The deal between Pakistan Hotel Developers Limited (PHDL) and the Sindh Institute of Urology and Transplantation (SIUT) for the sale of Karachi’s Regent Plaza Hotel is facing an interesting conundrum. Despite PHDL approving the sale of their main asset to SIUT, it seems market participants are not overly confident that the deal will go through.
News of the deal which would see PHDL sell its crown jewel to SIUT had broken back in late September. The hotel had been valued at Rs 10 billion by the company itself in its last financials, and the sale at Rs 14.5 billion was expected to bolster shareholder value. But despite the announcement of the deal, the share price of PHDL’s stock tells a very different story.
The price of PHDL’s shares has been rising steadily but has not achieved the value they should have. In fact, at the bid price placed by SIUT, the book value of the company should have settled around Rs. 750 per share upon approval. While PHDL’s share price has increased, it has only been fluctuating between Rs 445 and Rs 532 for the last month.
It was thought that since an official nod had not come from PHDL, investors were perhaps a bit shy to put the money in. The recent announcement that the deal is finally going through and has been accepted should have triggered a rise in price moving towards the actual book value of the hotel, closer to Rs. 750 per share.This has not happened and actually the share price moved downwards on the day the announcement of the shareholder approval was made. Why is that?
The background to the deal
Let’s begin with some context. More than a month ago Profit reported on how SIUT was looking to take over Regent Plaza Hotel from PHDL. The topic of that story centered around the fact that before the formal announcements of a takeover were even announced to the shareholders, the share saw unusual movement in volume and price. A call to investigate the matter was made to SECP and PSX to put rumors circulating in the market to rest.
Well to get to the bottom of this mystery, it has to be realized that the stock market in Pakistan is prone to manipulation. Especially in a share as illiquid as PHDL, major participants could act against the herd mentality and take up a contrarian stance. What that means is that while smaller investors would expect the price to increase after an announcement takes place, major shareholders could still ensure that does not happen.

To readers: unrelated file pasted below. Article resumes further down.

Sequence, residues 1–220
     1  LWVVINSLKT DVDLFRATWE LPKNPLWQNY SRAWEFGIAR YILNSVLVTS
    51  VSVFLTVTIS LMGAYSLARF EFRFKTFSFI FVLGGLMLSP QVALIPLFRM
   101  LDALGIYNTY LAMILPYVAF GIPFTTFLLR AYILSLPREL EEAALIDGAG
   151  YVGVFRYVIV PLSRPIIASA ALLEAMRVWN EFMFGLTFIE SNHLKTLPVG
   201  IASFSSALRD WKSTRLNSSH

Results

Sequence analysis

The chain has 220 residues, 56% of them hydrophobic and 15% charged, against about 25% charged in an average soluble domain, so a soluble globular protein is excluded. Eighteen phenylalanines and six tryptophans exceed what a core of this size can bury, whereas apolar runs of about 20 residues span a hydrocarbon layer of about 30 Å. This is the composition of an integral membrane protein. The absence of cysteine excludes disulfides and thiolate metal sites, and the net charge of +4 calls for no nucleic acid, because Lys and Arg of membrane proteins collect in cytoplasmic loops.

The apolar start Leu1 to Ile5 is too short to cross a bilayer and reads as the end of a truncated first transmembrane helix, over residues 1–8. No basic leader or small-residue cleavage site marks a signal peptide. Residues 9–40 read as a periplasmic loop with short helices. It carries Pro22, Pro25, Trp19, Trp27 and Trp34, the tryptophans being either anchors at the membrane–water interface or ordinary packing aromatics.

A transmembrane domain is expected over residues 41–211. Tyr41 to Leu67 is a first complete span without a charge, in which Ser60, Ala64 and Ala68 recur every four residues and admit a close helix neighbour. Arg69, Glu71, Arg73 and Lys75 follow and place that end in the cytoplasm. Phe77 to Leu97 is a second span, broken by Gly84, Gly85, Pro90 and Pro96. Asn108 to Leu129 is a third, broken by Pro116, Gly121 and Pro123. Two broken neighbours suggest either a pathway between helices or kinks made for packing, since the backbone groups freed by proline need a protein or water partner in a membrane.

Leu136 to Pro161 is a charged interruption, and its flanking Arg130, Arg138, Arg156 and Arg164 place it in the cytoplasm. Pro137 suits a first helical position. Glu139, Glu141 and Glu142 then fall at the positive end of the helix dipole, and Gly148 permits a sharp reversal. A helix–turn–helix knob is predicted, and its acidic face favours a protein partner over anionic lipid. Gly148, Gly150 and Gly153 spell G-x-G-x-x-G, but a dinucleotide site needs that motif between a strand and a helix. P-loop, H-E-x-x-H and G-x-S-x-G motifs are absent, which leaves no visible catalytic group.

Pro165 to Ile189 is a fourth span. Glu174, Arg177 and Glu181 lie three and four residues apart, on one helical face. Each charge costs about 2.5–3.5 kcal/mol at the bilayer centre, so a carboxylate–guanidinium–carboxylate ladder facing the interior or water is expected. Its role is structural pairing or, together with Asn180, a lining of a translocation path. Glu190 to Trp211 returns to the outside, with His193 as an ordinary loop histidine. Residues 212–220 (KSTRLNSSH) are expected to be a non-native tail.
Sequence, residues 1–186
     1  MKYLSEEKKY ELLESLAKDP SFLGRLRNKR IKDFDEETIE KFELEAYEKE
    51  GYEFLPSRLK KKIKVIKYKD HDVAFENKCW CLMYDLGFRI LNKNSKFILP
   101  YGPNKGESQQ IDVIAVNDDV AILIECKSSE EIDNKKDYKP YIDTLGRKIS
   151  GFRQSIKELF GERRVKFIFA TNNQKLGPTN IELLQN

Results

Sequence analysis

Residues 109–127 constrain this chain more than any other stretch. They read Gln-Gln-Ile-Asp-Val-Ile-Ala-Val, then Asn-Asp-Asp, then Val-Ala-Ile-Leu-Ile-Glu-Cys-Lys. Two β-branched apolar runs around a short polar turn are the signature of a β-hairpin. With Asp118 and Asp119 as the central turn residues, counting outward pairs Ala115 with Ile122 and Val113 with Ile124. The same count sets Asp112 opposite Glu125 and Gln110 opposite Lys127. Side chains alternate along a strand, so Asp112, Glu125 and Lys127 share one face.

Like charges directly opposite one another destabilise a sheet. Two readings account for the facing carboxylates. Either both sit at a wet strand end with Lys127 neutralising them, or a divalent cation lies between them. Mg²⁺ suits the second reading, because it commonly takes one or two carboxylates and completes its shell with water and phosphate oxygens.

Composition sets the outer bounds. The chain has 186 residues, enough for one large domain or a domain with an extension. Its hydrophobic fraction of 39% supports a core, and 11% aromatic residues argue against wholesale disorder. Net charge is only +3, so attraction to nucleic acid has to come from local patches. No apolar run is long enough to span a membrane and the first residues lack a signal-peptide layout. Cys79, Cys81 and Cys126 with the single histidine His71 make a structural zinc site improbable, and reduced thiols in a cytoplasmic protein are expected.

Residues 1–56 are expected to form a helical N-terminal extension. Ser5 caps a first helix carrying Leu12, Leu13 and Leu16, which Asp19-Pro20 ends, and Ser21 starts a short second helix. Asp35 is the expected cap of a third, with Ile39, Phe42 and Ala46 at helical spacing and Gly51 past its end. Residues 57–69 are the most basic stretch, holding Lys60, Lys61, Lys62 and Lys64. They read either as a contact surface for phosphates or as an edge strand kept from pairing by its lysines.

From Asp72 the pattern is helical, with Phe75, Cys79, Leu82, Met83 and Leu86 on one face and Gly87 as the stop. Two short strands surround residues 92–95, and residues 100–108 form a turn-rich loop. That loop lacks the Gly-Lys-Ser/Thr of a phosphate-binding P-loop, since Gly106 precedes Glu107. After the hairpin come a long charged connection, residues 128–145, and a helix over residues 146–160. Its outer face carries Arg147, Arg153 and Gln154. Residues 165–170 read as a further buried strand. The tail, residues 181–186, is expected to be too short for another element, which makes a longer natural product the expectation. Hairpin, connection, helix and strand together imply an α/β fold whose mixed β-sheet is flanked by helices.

In order to gain the maximum advantage, the smaller shareholders initially keep holding their position expecting the proverbial shoe to drop and the price to increase. After a while, they lose patience and think that the rise will never come. This is the best they can expect based on the lukewarm interest in the market and sell their shares out of desperation more than anything else. This is the moment major players swoop in and take advantage of the situation. This can be one possibility where a game of chicken is being played between the sellers and the buyers. it will take some time for the price to increase if such ploys are being used.
Another possibility in such a situation is that even though both the parties are confident that a deal will go through, market participants are not as enthused as these two. Investors can expect that the deal might break down or might be finalised at a lower price than originally offered. Credible sources have told this publication that Regent Plaza was being sold at only around Rs 4 billion at the end of 2020 and a consortium of investors were considering buying it at this price. This was when the hotel industry was facing a crisis and prices might have been deflated due to that. The source also stated that the investors did not end up acquiring the property as it is in a red zone or close to military installations and there was no approval for a high rise to be made in such an area. Due to these reasons, the source states that the price being quoted seems high.
Based on the reaction of the market, either case can be true and it will take some time to determine what has happened here. Founding trustee of SIUT, Shabbar Zaidi, was contacted to inquire regarding the slow reaction of the market to the announcement and to ask him if the deal was going through or not.
Mr Zaidi did not answer the very direct question regarding whether the deal was going through or not. Instead he asked why he should answer this question.
Profit also reached out to the management and executives of both companies to ask them regarding the status of the deal and whether the figure of Rs. 4 billion stated by the credible source was true or not and if the location of the hotel near military installations was a negative. All of Profit’s queries remained unanswered at the time this report was filed.